Riboflavin, which is known to cause photooxidative damage in biological systems, is now shown to stimulate glucose transport and oxidation in isolated rat adipocytes in the presence of visible light. At low riboflavin concentrations, well within normal blood levels, there is a small but reproducible stimulation of C1-labeled glucose oxidation to labeled CO2 (30% stimulation at 10-6 m), which does not require light. However, at higher concentrations (10-5 m and above), light greatly potentiates this effect on C1-glucose oxidation as well as stimulates C6-glucose oxidation (two- to three-fold over controls). These apparent effects on the hexose monophosphate shunt and glycolytic-tricarboxylic acid pathways are blocked by 10 μm cytochalasin B, a glucose transport inhibitor. Riboflavin in light is further shown to stimulate uptake of 3-O-methylglucose, a nonmetabolizable glucose analog. These light-dependent effects are not affected by catalase or superoxide dismutase, but they are inhibited by dimethylfuran, a singlet oxygen scavenger. This latter agent has no effect on glucose metabolism in untreated or insulin-treated cells. The results suggest a physiologically important potential effect of riboflavin and visible light.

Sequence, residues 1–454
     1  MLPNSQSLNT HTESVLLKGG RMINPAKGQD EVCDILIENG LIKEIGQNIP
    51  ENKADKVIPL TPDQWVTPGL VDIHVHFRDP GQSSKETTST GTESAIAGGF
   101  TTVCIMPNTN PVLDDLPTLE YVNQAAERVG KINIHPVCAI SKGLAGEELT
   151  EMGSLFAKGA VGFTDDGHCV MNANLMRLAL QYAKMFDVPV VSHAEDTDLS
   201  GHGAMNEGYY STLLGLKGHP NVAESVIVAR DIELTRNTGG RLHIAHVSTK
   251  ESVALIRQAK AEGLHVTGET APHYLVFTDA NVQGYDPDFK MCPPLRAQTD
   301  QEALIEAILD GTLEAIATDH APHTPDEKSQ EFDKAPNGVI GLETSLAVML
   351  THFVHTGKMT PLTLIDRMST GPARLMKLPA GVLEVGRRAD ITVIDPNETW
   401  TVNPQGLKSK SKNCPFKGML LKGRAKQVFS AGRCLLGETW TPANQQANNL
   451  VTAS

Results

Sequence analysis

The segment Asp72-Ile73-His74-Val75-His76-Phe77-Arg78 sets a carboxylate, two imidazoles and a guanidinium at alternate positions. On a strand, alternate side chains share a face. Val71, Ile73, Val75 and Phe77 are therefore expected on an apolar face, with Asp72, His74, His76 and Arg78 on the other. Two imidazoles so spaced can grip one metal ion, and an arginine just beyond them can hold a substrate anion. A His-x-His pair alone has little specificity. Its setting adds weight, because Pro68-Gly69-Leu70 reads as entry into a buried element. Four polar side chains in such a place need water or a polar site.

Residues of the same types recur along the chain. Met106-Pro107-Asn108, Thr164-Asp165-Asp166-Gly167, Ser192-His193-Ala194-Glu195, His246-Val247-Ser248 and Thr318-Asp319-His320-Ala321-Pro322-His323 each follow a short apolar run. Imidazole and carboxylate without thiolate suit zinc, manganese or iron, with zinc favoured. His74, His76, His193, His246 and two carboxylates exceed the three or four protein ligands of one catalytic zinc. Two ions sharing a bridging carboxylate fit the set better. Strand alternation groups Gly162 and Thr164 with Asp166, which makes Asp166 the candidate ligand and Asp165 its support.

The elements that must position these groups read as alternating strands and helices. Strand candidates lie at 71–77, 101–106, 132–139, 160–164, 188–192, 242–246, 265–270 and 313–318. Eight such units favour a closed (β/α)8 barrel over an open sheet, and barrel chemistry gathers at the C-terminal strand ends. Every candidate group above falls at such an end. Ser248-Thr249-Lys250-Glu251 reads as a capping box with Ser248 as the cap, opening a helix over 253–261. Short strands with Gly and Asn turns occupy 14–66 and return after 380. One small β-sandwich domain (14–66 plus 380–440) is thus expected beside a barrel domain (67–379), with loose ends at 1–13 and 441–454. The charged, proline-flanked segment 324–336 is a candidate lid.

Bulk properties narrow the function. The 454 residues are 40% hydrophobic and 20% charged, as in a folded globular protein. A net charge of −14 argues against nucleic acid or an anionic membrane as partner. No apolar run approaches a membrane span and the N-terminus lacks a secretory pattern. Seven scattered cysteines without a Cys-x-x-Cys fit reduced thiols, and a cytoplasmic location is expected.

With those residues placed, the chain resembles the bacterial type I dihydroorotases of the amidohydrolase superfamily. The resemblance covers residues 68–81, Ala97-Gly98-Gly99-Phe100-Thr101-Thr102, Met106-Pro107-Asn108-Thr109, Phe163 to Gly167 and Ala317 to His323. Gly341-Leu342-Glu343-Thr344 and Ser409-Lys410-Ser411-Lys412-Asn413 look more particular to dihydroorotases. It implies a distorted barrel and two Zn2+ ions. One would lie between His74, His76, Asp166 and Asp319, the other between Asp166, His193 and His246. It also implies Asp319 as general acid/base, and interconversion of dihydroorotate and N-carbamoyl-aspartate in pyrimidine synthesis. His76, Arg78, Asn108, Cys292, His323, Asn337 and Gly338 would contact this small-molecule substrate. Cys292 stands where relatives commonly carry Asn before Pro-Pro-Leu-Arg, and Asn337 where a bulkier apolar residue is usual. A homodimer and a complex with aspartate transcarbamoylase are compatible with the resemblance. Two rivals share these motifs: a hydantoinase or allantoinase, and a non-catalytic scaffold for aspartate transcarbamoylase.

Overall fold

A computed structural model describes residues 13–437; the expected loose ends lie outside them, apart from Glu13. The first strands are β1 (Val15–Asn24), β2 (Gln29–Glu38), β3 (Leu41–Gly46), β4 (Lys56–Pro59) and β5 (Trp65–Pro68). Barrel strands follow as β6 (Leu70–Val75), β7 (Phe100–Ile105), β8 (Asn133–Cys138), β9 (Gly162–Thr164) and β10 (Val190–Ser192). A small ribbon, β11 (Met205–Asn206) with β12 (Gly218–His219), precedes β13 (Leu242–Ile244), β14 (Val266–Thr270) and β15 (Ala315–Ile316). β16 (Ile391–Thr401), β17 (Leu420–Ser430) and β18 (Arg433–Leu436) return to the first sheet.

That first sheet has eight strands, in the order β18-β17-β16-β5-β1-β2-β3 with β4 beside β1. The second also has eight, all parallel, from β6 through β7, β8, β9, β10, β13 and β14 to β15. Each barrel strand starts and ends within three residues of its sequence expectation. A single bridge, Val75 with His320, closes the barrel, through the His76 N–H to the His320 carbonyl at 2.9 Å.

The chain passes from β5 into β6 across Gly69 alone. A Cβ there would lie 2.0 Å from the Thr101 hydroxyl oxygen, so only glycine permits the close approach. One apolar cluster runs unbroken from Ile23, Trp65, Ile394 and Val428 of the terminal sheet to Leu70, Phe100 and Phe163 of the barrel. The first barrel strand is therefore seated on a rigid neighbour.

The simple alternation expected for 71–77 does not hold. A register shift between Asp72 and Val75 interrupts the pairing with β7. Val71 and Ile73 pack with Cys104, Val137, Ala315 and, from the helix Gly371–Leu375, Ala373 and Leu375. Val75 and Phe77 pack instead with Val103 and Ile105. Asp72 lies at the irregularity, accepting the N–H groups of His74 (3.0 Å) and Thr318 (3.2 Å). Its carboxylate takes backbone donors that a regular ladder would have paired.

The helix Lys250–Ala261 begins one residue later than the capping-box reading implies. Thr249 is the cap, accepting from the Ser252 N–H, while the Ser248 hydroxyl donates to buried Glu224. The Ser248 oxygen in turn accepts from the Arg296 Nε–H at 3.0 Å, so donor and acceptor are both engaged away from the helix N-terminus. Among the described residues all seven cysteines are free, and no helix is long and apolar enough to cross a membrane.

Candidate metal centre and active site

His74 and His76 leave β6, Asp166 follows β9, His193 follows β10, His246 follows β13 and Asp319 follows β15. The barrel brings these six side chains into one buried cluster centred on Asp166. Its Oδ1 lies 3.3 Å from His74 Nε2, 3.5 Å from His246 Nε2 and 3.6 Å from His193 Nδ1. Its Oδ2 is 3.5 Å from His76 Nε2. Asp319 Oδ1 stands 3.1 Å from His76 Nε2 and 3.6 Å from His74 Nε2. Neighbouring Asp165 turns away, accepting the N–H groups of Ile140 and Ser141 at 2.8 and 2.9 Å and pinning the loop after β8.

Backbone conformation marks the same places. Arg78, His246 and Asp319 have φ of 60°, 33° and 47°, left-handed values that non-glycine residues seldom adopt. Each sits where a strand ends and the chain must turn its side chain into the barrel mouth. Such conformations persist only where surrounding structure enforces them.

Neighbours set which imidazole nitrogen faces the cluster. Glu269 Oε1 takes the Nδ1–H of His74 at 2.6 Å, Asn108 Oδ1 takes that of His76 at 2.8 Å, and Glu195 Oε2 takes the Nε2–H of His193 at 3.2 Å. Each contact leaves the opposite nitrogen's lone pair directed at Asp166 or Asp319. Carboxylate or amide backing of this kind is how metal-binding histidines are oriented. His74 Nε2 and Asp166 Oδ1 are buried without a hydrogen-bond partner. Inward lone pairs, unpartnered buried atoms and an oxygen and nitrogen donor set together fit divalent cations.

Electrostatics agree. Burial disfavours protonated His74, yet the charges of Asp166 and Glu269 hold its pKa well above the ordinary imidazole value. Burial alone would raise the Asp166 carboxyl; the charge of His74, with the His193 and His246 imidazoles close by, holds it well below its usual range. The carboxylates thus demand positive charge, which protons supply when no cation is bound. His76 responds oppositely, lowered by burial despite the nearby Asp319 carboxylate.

ASJC Scopus subject areas
- Molecular Biology